The court applied the two-part test set forward in Arceneaux v. Domingue, which states that (1) the appellate court must find a factual basis for the finding, and (2) the record must not be wrong or manifestly erroneous. Given this standard, the court need not determine whether or not the finding was right or wrong, but only whether the conclusion was a reasonable one. The court applied the test and found that, while Munson’s expert witness determined the property should be valued higher, the DOTD’s expert estimated a lower value. As a result, the findings cannot be considered “manifestly erroneous” and therefore qualifies as a reasonable finding.
Next, the court considered whether or not Munson was entitled to severance damages, which may be awarded in appropriate expropriation cases. Only in instances where the finding can be considered “manifestly erroneous” will the finding be overturned. Munson provided expert testimony stating that plaintiff was entitled to severance, while the DOTD presented expert testimony to the contrary. Once again, the court found upon review of the record that the finding could not be considered manifestly erroneous.
Finally, the court considered whether or not Munson was entitled to “other damages” as a result of economic costs incurred as a result of the expropriation. Munson argued that the expropriation of a portion of the land resulted in the collapse of the commercial business they operated from the property. However, the expert witness for the DOTD argued that due to the fact that the shop consistently operated at a loss, it was actually a “hobby business,” and Munson was not entitled to compensation for its loss. As with the previous considerations, the court found that the finding could not be considered manifestly erroneous in light of the expert testimony, and therefore the finding remained valid.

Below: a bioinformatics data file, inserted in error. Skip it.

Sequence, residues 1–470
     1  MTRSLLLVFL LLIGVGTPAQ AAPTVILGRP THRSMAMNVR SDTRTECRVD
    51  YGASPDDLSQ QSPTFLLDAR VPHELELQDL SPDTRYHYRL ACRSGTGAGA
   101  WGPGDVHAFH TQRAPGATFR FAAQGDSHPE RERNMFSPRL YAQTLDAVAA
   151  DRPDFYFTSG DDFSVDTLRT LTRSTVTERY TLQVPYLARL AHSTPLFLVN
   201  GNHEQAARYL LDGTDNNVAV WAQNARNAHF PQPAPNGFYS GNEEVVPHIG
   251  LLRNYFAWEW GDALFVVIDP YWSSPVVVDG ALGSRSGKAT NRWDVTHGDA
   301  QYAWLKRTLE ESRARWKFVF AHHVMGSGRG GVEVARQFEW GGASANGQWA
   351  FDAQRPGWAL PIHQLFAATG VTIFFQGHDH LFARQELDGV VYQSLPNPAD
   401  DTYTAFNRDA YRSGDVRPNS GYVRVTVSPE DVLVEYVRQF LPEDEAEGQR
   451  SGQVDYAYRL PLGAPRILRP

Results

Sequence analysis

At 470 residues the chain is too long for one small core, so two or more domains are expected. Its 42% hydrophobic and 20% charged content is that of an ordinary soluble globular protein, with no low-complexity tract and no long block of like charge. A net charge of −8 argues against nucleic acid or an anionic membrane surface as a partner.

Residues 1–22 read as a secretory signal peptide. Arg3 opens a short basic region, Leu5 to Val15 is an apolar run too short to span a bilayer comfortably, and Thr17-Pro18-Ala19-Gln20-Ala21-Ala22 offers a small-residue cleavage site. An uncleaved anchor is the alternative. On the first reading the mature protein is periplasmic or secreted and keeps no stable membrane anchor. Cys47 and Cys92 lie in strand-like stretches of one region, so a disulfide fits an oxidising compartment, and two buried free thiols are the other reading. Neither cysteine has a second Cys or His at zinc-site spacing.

On the other hand, the DOTD argued in its appeal that Munson should not be awarded attorney fees because they did not prevail at trial. The court found that La. R.S. 48:453 dictated attorney fees may be awarded when the amount deposited is less than the compensation awarded (up to 25% of the difference between the amount deposited and the award). The court found that it is not necessary for Munson to be the prevailing party in order to be awarded attorney fees; rather, the amount awarded only needed to be in excess of the amount deposited in order to qualify. As a result, the court determined the claim had no merit.
Both parties appealed the award for expert witness fees. The DOTD argued that Munson was not entitled to expert witness fees because they did not prevail, an argument that failed for the same reason as attorney fees above. The court found that in assessing the fee for expert testimony, the usefulness of the testimony must be considered. As a result, the expert witnesses Munson hired to prove their claim for “other damages” did not qualify for expert witness fees, because the jury did not award damages for those claims.
This case shows the complexities that can arise from expropriation litigation. If the government is taking your land for public a purpose it’s important that you hire a competent lawyer who can fully explain these issues to you.